When LeBron James announced that he was coming home to the Cleveland Cavaliers, he did more than give long-suffering fans reason to believe the city could soon win its first championship in any major sport since 1964. King James also boosted Cleveland's bottom line.
The greatest player on the planet could be an economic catalyst for the Rust Belt city. More fans will flock to Quicken Loans Arena to see James play, more staff will be needed at the arena to handle those larger crowds, more money will be spent during games at local bars and restaurants, and all of that will get pumped back into the region. The result, says LeRoy Brooks, a professor of finance at the Boler School of Business at John Carroll University in suburban Cleveland, could be nearly $500 million added to the local economy. Call it the LeBron Effect.
Of course, that forecast is preliminary and depends on a number of variables. Here's how Brooks found his way to $500 million (or so):
Cleveland's home-ticket prices last year averaged $68.17, according to TiqIQ. In 2009–10, the last season James played in Cleveland prior to leaving for Miami, Cavs ticket prices averaged $195. Last season, Cavs fans paid $202.74, on average, to watch Miami beat Cleveland.
Miami had the NBA's highest average ticket price last season, at $245. To account for the lower cost of living in Cleveland, let's make what still might be a conservative estimate: Cavs tickets go for $210, on average (remember — this doesn't mean there won't be plenty of seats for far less). Cavs attendance last year averaged 17,329 per game. With James, the Cavs are likely to fill up their arena's capacity of 20,562. Spread over 41 home games, James could bring in $129 million in additional ticket revenue for Cleveland.
According to Brooks, Cleveland's leisure economy — think hotels, bars, restaurants, shops — lost $48 million in annual revenue after James left, as fans and media lost interest in the team and spent less money. Brooks assumes that money is recovered, adjusts it for inflation, and adds a 10% premium for James' increased popularity since 2009–10 — after all, he's now a two-time NBA champ, and a player more on par with Michael Jordan than he was when he was last in Cleveland. That's $57 million in local spending James brings in. Brooks estimates that money will trickle through the greater northeast Ohio area, to the tune of another $114 million. So add that amount to the haul, and that brings in $171 million of non-ticket-related economic activity generated by James. In all, we're at $300 million.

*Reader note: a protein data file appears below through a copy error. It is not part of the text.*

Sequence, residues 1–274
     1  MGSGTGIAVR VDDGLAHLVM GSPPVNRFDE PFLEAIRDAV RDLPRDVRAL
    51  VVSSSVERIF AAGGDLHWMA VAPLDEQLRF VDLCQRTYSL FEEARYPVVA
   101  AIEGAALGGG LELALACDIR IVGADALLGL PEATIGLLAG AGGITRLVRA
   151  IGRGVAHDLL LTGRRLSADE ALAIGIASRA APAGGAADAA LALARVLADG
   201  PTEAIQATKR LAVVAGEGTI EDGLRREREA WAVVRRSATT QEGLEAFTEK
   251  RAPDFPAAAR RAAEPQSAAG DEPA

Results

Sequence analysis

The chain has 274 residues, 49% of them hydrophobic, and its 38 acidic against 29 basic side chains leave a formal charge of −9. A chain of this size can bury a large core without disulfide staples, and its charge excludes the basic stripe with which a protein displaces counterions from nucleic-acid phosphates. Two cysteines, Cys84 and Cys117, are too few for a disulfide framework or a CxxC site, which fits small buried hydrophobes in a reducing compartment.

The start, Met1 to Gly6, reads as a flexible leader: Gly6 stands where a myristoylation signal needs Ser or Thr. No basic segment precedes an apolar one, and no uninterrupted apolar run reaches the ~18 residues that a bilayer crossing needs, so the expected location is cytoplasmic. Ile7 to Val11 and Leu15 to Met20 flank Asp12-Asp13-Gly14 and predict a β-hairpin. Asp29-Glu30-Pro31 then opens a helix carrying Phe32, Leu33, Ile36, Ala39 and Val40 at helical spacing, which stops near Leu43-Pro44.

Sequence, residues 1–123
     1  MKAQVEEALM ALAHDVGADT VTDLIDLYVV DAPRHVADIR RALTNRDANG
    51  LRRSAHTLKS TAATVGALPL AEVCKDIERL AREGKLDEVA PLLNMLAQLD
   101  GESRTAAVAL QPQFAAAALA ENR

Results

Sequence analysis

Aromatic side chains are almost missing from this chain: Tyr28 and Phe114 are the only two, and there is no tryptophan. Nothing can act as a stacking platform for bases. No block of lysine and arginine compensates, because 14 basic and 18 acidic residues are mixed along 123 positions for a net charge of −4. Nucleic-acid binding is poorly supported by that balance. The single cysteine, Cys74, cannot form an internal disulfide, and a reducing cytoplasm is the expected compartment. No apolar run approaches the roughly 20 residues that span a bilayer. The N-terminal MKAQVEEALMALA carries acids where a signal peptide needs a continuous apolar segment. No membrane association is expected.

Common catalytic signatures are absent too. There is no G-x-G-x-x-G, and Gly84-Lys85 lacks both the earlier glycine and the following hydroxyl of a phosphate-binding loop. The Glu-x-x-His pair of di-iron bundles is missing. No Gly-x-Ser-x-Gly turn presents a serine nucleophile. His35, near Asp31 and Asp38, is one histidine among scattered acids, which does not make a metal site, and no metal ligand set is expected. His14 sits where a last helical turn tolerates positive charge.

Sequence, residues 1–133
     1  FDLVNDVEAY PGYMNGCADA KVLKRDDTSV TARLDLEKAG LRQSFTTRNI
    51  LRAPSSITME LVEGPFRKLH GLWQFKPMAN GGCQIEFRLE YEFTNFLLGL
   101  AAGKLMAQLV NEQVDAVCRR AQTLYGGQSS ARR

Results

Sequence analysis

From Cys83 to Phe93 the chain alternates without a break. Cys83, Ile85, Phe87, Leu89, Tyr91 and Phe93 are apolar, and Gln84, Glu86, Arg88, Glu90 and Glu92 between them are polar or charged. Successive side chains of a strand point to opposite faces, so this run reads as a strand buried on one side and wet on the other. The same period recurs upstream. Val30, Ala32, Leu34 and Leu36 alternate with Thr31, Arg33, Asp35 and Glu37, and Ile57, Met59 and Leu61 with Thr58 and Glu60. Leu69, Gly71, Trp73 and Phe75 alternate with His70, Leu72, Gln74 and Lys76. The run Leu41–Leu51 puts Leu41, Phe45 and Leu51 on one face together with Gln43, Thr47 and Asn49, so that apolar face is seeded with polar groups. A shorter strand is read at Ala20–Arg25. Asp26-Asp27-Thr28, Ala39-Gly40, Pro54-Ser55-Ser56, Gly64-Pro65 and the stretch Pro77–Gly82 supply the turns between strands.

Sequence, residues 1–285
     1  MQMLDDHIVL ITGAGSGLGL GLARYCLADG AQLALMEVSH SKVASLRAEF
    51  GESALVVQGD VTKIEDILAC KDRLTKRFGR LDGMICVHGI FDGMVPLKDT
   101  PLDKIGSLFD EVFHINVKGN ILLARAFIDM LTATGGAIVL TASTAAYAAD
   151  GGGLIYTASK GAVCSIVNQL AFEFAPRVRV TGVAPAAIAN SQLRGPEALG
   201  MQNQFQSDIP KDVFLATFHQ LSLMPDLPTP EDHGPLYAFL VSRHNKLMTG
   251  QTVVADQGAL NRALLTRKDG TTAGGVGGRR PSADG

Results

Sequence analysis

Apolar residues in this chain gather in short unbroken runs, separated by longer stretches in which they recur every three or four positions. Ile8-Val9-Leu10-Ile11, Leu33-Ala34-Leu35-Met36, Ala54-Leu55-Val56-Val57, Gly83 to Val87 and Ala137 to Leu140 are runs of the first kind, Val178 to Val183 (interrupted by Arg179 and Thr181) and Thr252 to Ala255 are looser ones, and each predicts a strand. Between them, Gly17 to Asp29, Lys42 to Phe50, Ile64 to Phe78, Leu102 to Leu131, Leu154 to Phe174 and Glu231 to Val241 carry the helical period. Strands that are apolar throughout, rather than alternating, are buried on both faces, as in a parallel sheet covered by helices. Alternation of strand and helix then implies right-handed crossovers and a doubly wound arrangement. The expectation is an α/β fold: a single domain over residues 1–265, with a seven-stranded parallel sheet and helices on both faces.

Now, add the playoffs. Each home game generates around $15 million in economic activity, according to data collected by Brooks. Vegas has already made Cleveland the favorite to win the NBA title. For fun, let's roll with the oddsmakers and assume the Cavs make it all the way to the finals. Let's give them home-court advantage in the Eastern Conference playoffs — that could give them three home games a series if they don't sweep, or if they don't need a Game 7. Let's say one series does need a Game 7, and a fourth home game — that's 10 home games for the three-playoff series. In the finals, say they face the Oklahoma City Thunder or San Antonio Spurs, who have a better record, but take the series to a least a sixth game. That's three more games. That's 13 home playoff games in all, or $195 million from the playoffs.
Under this scenario, James delivers $495 million to northeast Ohio.
Brooks is the first to admit these are educated guesses. Cut down the number of playoff games or the average ticket price, and the economic impact will be significantly lower. Plus, the Cleveland metro area has a $111 billion GDP. At around $500 million, James' impact would be worth just 0.42% of Cleveland's overall economic activity.
The city has come a long way since it was known as the "Mistake by the Lake." A booming biomedical sector, fueled by the Cleveland Clinic, has helped recover some of the jobs lost in the decline in manufacturing. The arrival of another hyped star, rookie Browns quarterback Johnny Manziel, and the GOP's announcement that it will hold the 2016 Republican National Convention in the city have also created some momentum. And the metro-area unemployment has fallen to 6.8%, down from a recession-era high of 10% in January 2010.
Still, that rate is higher than the 6.1% national average. And the Cleveland area ranked in the bottom fifth in the country in job growth from 2012 to 2014, according to USA Today. But James' return is welcome news in Cleveland no matter the size of the economic benefit — something even an economist can recognize.
"The Cleveland fan can expect the LeBron Effect to provide a lot more positive and less negative experiences then most of them have had in any prior year, or imagined that they would ever see in the future prior to LeBron’s announcement," says Brooks. "Many would view this as priceless."